Friday, February 6, 2015

Community Service : How Interlibrary Loan in Correctional Libraries Serves the Library, the Inmate and the Public

Guest Post Contributed by:   Kyle Nabilcy, Librarian,
Department of Corrections, Oakhill Correctional Institution, Oregon, Wisconsin

Think about how much you value your local library. I’m not surprising anyone who’s reading this post by saying that in our lives full of priorities, distractions, and competing interests, we love our libraries. Now imagine that those priorities have been radically shifted, those distractions warped, competing interests in large part redefined by someone who now holds the key to the room you live in. If you were in prison, and still had access to a library amidst all that personal turmoil, you’d use the heck out of it, wouldn’t you?

The problem, of course, is that prison libraries are often the most cash-strapped, resource-deprived, tough-luck libraries around. In Wisconsin, our state budget allows for fewer and fewer library material purchases for the department’s minimum, medium, and maximum security institutions. We do what we can, and some are luckier than others – the particularly adept grant writer, for example, or the librarian who has the ear of his or her purchasing supervisor – but it’s a struggle, let me tell you.

Prison inmate reading
Image from the EBSCO Image Collection
Interlibrary loan, which is a service that many libraries aren’t even allowed to offer for a variety of reasons, is nonetheless indispensable for those institutions that can take part. All Wisconsin correctional libraries acknowledge that ILL cannot replace proper collection development, but that doesn’t mean ILL can’t be used as a collection development tool. In fact, it’s one of our best. The traffic we see in institutions that offer ILL is supremely valuable in showing librarians and their supervisors what the population wants to read, and what expenditures would be most efficient in serving that population.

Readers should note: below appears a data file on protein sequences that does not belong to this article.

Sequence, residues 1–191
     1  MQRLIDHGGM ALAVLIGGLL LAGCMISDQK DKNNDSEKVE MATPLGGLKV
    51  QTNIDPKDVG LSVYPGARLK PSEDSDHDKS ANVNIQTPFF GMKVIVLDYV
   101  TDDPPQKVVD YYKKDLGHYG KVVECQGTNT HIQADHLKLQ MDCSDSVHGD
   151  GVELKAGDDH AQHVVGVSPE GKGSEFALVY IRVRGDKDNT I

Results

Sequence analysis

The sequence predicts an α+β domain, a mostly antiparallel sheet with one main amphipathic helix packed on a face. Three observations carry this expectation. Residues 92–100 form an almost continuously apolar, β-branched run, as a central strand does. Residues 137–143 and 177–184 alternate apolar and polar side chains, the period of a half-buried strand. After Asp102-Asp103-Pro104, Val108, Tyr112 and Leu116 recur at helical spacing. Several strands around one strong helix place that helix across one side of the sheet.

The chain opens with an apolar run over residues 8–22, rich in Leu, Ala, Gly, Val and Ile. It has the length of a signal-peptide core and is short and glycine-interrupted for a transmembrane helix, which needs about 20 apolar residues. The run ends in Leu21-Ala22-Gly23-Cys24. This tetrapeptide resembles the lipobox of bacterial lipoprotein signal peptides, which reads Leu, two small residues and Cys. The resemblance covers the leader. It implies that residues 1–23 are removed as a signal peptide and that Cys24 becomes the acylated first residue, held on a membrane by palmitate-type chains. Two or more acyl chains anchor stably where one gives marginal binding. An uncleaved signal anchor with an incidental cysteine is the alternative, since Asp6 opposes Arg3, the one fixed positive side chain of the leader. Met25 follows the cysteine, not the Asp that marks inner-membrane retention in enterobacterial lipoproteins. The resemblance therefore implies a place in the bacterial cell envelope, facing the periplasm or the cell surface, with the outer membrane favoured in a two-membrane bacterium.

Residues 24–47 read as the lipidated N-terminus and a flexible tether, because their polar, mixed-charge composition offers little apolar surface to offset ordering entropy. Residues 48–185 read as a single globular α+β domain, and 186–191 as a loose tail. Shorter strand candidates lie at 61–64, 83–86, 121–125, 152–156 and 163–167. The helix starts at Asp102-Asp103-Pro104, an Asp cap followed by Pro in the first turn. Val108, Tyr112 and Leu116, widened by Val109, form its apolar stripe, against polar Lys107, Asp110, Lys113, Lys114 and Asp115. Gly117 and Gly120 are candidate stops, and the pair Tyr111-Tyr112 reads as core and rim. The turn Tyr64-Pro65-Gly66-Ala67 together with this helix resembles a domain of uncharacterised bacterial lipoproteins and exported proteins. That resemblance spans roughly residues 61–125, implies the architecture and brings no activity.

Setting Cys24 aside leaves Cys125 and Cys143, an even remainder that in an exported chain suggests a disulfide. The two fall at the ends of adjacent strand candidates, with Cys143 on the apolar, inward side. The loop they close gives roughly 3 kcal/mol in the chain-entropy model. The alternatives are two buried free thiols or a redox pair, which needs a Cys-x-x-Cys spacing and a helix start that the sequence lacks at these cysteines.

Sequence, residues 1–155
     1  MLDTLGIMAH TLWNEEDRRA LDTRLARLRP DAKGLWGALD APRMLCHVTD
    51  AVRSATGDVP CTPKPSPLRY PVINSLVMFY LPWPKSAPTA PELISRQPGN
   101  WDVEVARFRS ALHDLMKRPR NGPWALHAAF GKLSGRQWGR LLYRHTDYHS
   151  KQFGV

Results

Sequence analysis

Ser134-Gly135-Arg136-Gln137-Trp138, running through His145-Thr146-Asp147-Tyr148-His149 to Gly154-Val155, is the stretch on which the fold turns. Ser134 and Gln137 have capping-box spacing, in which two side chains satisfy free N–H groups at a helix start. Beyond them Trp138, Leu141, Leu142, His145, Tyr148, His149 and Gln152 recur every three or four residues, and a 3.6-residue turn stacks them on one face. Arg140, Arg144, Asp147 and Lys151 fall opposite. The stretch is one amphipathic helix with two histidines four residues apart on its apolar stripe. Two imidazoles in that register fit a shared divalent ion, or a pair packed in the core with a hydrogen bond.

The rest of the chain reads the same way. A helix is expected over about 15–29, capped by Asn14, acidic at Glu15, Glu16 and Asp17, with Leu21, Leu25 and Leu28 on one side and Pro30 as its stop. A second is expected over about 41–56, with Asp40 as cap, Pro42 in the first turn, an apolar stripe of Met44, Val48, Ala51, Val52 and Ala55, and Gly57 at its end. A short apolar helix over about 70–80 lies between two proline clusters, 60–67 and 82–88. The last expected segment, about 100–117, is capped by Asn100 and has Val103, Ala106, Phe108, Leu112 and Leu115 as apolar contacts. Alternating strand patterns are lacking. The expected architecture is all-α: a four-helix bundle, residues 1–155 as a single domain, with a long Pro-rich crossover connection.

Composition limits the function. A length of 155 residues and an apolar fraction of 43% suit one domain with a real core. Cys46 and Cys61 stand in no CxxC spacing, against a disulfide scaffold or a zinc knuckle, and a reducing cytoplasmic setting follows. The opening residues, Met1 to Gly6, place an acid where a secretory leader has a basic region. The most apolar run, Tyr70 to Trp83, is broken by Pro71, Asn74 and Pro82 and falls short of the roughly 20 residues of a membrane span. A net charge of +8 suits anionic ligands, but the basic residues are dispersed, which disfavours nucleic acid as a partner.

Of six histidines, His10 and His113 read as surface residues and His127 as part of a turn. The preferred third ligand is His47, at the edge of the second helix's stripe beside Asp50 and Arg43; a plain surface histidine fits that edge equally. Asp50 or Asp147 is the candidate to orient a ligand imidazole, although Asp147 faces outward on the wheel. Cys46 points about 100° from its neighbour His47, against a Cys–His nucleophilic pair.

And let’s not overlook the most vital part of any library transaction: the borrower. In our case, inmate borrowers are displaying all the kinds of behaviors we want them to when they use the library properly, and in particular when they choose to utilize ILL. Literacy, respect for the property of others, respect for civic institutions, an engagement with the world outside their own wants, and one of my favorites, delayed gratification. Nothing defuses the “I want what I want when I want it, by hook or by crook” mentality better than being willing to wait for a book to come in.

Some libraries are hesitant to fill ILL requests from correctional libraries because they think the books will get trashed. Yes, our readers read books a little harder than most, but I’ve only had to charge my borrowers three times in 12 years, for damage to ILL books. Some worry that the books are inappropriate for a prison setting. Don’t worry about that! It’s part of our jobs to pay attention to that sort of thing, and sometimes a questionable book is being requested because we want to review it for appropriateness.

What libraries outside of the correctional environment should think about is what they always think about: serving the people. You all do the work you do because you value serving the public. Correctional inmates might not be out on the streets, but they’re a readership base all the same. Knowing that someone who isn’t in a blue shirt, or who doesn’t cash a DOC paycheck, is willing to do something for them – free of charge, expecting nothing in return – means more than you can understand to a lot of the inmates who use correctional libraries. Many have never used a library before, and might do so for the first time once they get out.

Help us make better citizens out of our inmates, and maybe earn yourself a new patron somewhere down the road. Send a book to prison.

Guest Post Contributed by:   Kyle Nabilcy, Librarian,
Department of Corrections, Oakhill Correctional Institution, Oregon, Wisconsin